Twelve goals from open play in Dundee's entire league season to date will tell you where our issues lie.
Yes, we concede too many soft goals and no, we don't seem to know how to close a game out but surely the antidote to those ills also comes from the ability to score more goals? I remember The Cobra and The Mongoose, but will anyone ever remember The Moose?
Throughout my years following Dundee FC, the mighty Dark Blues have had all manner of animals ply their trade up front for the club.
The Cobra and the Mongoose will have anyone who experienced the 80s purring about a dynamic duo who could reduce the top flight’s defences to quivering wrecks with the merest Keith Wright knock down and Tommy Coyne rifling shot.
The Mongoose’s next partner started off as everyone’s favourite diminutive Dumbo impressionist, but in the club’s darkest days ‘luggy’ turned out to be something of a snake. Whereas the absolute beast that is Christian Nade lumbered and thundered his way into Dee hearts with gutsy displays and a flicked header that calmed nerves on a Championship winning day crammed with drama, conspiracies and one of the best saves seen at Dens for many a year.
The same season, the rather portly and overly bearded Craig Beattie did his best loveable bear impression, as he belied a lack of fitness to snatch a few vital goals. However it’s a certain Moose that has had possibly the most divisive period in a Dundee shirt of any prospective big goal hunter, the undoubtedly big hearted Tunisian loved by some, yet derided by the many.
As 2016-17 came to a close, the toothless tiger of Marcus Haber was already rumoured to be on his way out of his Dens Park pen after the loveable but lazy Rory Loy had been the latest fox in the box to look like he had been tired out by those hounding him from the stands (and deservedly so). Therefore surely top of Neil McCann’s big ticket items to draw in the crowds was a hungry poacher who would turn from hunted beast into a ravenous goal snatching animal.
Arriving just as the Dundee team headed towards the lion rampant badged home of Raith Rovers, the snipers were already taking aim, the bearded Tunisian’s Wiki stats an early reason for consternation (even if I did read once that Mido had spent a couple of years by the Tay on that ever reliable source of information), but a 21 minute cameo resulted in a debut goal only 13 minutes into Moussa’s Dundee career and instant love from the dark blue travelling support. A dangerous tap dance routine celebration that almost resulted in this new hero landing head first into the second row of away stand seats led to cries of “Moooooooooooooooooooooussssssssssssa!” being heard long into the night – even if a certain Jack Hendry (who? Never heard of him!) actually dug out the League Cup win with a last gasp cheek buster.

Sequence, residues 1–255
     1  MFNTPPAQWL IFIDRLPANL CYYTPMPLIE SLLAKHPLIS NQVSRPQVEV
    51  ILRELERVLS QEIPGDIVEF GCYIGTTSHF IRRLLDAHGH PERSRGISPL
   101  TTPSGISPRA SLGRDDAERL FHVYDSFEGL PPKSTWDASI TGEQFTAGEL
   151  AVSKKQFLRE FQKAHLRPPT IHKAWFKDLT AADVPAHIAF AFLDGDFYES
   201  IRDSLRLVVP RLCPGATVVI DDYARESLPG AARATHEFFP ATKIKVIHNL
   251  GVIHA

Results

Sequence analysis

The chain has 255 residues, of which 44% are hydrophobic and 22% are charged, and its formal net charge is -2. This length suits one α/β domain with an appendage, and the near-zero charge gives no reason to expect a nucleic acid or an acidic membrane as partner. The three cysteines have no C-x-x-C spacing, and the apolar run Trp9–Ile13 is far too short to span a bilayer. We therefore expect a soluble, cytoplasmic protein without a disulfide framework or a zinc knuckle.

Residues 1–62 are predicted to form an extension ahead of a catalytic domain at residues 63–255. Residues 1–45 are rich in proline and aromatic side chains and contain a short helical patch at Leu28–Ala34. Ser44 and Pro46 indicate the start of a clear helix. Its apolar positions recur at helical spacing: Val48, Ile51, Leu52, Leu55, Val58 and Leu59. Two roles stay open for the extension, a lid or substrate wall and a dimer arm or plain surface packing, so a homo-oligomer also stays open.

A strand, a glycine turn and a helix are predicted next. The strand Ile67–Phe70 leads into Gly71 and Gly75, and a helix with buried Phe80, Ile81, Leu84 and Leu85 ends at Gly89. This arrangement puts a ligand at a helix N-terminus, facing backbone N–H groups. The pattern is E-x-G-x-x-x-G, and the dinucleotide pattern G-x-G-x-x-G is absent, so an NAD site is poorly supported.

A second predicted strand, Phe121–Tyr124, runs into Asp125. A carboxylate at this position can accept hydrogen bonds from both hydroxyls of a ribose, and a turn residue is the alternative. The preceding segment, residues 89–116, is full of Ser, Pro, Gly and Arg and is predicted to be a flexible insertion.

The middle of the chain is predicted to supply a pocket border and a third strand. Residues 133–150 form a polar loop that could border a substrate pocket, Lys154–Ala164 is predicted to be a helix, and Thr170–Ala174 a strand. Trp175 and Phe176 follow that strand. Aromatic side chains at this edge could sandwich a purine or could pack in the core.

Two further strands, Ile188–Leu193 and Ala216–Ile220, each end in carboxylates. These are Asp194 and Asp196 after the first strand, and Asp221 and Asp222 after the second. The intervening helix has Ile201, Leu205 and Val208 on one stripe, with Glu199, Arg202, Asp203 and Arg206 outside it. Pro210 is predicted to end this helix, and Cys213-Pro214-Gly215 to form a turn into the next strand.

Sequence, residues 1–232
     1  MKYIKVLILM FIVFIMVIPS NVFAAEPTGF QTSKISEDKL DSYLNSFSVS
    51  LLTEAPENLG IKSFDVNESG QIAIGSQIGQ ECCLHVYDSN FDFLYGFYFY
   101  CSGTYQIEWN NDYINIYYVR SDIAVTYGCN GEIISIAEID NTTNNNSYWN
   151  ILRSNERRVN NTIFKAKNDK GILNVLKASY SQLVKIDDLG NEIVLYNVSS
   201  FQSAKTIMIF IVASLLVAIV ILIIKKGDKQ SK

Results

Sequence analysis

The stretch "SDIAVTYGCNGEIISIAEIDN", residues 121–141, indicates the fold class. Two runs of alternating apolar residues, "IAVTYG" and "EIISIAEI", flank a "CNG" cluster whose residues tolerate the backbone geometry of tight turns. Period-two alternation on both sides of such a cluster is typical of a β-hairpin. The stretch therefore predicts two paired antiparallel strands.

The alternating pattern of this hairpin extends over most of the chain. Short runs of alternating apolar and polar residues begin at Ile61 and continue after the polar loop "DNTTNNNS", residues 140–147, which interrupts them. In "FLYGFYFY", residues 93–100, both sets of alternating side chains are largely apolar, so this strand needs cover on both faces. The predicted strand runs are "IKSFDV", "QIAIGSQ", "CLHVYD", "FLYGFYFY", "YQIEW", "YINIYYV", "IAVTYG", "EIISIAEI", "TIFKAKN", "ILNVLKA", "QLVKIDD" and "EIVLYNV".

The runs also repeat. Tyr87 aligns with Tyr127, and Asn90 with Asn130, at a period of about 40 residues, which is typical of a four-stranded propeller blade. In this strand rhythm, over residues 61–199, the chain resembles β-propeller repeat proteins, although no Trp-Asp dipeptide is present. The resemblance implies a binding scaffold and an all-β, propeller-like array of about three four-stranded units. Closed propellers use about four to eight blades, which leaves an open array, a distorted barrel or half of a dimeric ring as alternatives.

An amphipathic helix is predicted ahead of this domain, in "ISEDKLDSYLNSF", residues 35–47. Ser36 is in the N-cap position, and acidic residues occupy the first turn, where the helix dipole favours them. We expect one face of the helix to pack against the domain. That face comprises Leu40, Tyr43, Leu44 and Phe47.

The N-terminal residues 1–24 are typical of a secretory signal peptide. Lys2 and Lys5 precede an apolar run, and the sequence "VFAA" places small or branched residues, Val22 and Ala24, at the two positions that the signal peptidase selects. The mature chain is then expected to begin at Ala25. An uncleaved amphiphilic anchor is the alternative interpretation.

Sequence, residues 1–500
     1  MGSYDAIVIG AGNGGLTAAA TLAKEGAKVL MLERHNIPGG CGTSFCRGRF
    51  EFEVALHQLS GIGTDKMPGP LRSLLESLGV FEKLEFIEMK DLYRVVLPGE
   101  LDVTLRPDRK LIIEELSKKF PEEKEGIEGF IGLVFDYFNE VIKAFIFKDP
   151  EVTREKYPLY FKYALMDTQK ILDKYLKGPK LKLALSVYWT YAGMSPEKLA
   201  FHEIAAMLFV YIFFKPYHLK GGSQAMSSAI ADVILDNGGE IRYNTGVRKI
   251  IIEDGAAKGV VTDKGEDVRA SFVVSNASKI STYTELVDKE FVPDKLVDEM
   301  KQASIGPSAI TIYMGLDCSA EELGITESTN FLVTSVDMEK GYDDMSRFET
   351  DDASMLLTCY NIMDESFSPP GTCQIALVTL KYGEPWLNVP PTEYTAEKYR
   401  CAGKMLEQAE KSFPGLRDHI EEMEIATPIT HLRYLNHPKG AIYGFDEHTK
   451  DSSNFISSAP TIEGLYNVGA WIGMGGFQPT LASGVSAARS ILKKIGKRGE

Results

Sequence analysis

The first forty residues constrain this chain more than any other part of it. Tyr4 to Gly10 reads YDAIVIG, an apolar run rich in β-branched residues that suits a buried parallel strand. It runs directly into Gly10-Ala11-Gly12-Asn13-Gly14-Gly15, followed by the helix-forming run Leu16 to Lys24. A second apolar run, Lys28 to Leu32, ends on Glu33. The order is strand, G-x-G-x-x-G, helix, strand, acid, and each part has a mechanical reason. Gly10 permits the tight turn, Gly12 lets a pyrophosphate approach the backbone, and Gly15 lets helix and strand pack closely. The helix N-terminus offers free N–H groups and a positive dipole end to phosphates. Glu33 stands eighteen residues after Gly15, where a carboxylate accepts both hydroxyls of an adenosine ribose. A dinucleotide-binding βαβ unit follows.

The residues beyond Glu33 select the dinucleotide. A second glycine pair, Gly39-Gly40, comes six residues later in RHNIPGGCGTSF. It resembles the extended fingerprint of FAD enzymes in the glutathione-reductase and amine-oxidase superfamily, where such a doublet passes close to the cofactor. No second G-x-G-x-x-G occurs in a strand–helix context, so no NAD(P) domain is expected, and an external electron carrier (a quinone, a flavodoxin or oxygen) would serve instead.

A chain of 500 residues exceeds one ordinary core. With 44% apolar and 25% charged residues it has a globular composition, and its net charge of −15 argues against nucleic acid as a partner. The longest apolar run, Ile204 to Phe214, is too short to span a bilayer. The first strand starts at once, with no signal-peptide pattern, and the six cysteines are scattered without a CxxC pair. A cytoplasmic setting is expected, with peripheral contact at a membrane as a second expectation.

The Moose’s second goal in as many games came against the plucky minnows of Buckie Thistle, but if his first two thirds of a season for Dundee will be remembered for one thing, it will be the overhead kick that was part of a glorious hat-trick against lowly Cowdenbeath – the part timers however proving to be one of the worst ‘professional’ outfits this Dundee supporter has ever seen.
Even then as Central Park emptied and talk of Moussa’s fifth goal in three games began to spread fear across Scottish football, those in attendance were already whispering concerns that much though the goals were flowing, this lad wasn’t really a player. Being kept quiet by a Dundee United defence that was as effective at holding itself together as a three week old baby’s nappy, the signs were there, but so too was the dichotomy of The Moose.
Utterly ineffective throughout the ninety minutes, when the ball was placed on the spot for a farcical penalty shoot-out loss that somehow gained us home advantage, Moussa looked calm and assured as he picked his spot. And from there only strikes from twelve yards have been forthcoming (when A-Jay Leitch-Smith wasn’t stealing the ball and missing, of course). Headers have been skewed wide, shots sclaffed at the keeper, fresh air swipes and what look like goal line clearances for the opposition being acted out when it often seemed easier to score - and let’s not even mention the goal gifting halfway-line pass back against Hearts.
Don’t get me wrong, his suspiciously offside looking piece of skill by his unsuspecting backside counts as a ‘real’ goal and even those not provided with dark blue shades will admit that Moussa has been robbed of perfectly good ‘goals’ against both Motherwell and Hamilton through the sheer ineptitude of the officials. But is that just bad luck or occurrences symptomatic of a player who simply finds the dark art of scoring goals from open play beyond him?
An initially productive looking partnership with AJ-LS seems to have fizzled out into nothing and an on-off chop and change between the equally baffling Haber and The Moose certainly hasn’t helped, but in the end it’s hard to argue with those saying that Moussa simply isn’t good enough. If it wasn’t for the fact we look even worse when he isn’t playing. Without a focal point the rest of Dundee’s attack flounders, runs into each other and barely gets a touch of the ball, and yet when Moussa plays it’s actually him undoing all of his own good work by missing the chances, whether they be half, glaring, or stick ons.
He certainly is not a ‘wee, sleekit, cowran, tim’rous beastie’, but this is one Moose that needs to start being more bullish in an around the box. Here’s hoping come season’s end we’re forgetting all about past beasts of old and are instead talking of the sweet taste of M&M’s, Moussa and a new fox in the box in the shape of Simon Murray. If not, there’s a possibility that it won’t be only a Moose getting put down come the last day.